Coke vs. Pepsi vs. Humans at Double Fine
Last week, Double Fine Productions was host to a critical scientific research event. It was documented by programmer Brandon Dillon. Here are his findings.
Many humans claim to have a preference between the soft drinks Coca-Cola® and Pepsi-Cola® (hereafter referred to as Coke and Pepsi). We conducted an experiment on humans in the employ of Double Fine Productions to look for evidence that humans are even capable of distinguishing between the two sodas.
Participant convictions towards their capacity for soda differentiation will be consistently strong, but will not be borne out by empirical trials. In layman’s terms, everyone is full of crap.
Analysis proceeded via a double-blind taste test.
Two eight-packs of 8-oz cans of Coke and Pepsi were purchased from a local grocery store and refrigerated side-by-side in Double Fine’s drink refrigerator for a period of 24 hours.
The trials were run by two experimenters.
The first experimenter labeled five otherwise unmarked cups A-E. The experimenter then flipped a fair coin and recorded the results of the flip. For each corresponding “head” flip, a finger of Coke was poured into one cup; Pepsi was poured for each tail. Precise measuring tools were not necessary because the experimenter has a master bartender’s pour.
The trial setup was done in a room separate to the other experimenter and all trial participants. To heighten the quality of the experiment, the room featured dimly lit mood lighting and a large collection of rad black velvet paintings.
Once a trial was prepared, the other experimenter was called in, transferred the five glasses to the testing chamber (known colloquially as “the lunch room”) and administered the test to a participant.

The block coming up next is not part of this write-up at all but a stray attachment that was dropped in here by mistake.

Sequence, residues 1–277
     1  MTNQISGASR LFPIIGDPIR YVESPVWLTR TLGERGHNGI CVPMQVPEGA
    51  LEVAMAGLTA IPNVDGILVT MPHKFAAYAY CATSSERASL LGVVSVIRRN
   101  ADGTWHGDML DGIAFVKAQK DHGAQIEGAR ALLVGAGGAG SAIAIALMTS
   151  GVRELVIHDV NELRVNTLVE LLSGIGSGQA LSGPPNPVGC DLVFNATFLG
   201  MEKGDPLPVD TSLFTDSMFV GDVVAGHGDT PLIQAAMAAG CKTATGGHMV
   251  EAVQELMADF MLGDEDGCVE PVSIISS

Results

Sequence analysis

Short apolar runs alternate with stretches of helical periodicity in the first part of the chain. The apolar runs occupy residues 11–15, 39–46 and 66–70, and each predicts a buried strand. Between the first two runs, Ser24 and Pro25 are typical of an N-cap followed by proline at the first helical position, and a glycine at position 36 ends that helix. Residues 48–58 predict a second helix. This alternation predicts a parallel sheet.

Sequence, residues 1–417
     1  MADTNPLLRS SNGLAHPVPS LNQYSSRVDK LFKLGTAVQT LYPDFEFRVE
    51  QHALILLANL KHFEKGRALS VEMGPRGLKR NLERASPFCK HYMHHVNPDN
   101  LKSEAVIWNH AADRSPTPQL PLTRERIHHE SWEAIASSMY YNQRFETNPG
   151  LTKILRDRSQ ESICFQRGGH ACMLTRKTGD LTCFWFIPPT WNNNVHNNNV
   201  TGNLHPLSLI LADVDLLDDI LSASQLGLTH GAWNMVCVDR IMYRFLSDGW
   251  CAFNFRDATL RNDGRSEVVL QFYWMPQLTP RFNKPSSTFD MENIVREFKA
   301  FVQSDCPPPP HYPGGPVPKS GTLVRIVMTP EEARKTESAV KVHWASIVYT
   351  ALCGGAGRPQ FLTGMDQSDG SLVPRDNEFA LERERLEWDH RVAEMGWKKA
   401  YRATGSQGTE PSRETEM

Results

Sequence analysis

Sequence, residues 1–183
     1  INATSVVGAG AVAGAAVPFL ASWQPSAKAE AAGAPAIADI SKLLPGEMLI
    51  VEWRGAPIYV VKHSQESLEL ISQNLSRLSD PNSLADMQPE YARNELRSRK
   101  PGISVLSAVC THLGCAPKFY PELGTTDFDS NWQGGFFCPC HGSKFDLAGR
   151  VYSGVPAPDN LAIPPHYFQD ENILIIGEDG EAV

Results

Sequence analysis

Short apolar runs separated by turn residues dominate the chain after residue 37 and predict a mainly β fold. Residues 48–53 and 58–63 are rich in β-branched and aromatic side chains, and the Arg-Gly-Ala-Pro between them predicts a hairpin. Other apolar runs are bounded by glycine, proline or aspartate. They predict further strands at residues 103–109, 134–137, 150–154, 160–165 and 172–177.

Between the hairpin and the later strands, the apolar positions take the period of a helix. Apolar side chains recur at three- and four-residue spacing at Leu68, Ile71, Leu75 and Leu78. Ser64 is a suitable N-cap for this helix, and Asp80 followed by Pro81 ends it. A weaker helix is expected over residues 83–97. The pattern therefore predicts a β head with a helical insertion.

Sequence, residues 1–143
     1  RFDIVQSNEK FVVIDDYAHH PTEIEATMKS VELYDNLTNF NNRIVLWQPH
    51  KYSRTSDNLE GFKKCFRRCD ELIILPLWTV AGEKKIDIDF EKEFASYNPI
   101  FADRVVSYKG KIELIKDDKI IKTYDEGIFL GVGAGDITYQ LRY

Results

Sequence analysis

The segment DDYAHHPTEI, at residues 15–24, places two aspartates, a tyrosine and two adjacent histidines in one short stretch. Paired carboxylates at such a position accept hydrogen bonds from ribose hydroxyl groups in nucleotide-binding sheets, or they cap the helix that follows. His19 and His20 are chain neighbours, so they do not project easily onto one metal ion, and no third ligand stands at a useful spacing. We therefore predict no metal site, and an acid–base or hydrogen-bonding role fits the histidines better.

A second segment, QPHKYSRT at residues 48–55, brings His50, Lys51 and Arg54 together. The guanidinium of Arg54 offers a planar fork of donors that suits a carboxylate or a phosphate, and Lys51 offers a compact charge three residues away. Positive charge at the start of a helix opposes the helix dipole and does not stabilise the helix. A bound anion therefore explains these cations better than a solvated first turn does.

Participants were free to approach the tasting via means of their choosing for any length of time.
Techniques chosen by participants included judging exclusively by smell, drinking carbonated water as a palette cleanser between sips, and a number of different wine tasting-derived swirling motions.
Participants would then record which product they believed were contained in each cup. Some participants chose to place question marks (?) next to guesses to express a lower relative confidence level of a given claim.
Results and Analysis
|Trial||Cup A||Cup B||Cup C||Cup D||Cup E|
Participant survey results:
|Trial||Participant||Cup A||Cup B||Cup C||Cup D||Cup E|
|6||Paul Du Bois||Pepsi||Coke||Coke||Pepsi||Pepsi|
All participants expressed confidence in their ability to distinguish brands prior to trials.
No single participant correctly guess every cup’s contents in their trial.
Furthermore, no participant incorrectly guessed every cup’s contents. This result would correlate with the ability to effectively distinguish between the products, despite an ability to correctly assign differentiated tastes, which would have been evidence in opposition to the hypothesis. That is to say, a participant who incorrectly guessed every single cup’s contents would still have consistently identified a difference between the two products.
Participants offered excuses including the following (not an exhaustive list):
• “I could definitely distinguish the first two, but then the flavors mixed too much in my mouth.”
• “I’m sure I could’ve done it if I had a reference can of Coke or Pepsi with me while doing the trial.”
• “If I keep practicing, I can get good enough to tell the difference.”
• “I went to the dentist this morning and the fluoride is messing with my taste buds.”
The most successful participant was Gabe Cinquepalmi, who correctly analyzed all cups but one, and expressed less confidence in his single incorrect answer.
Gabe Cinquepalmi is not human.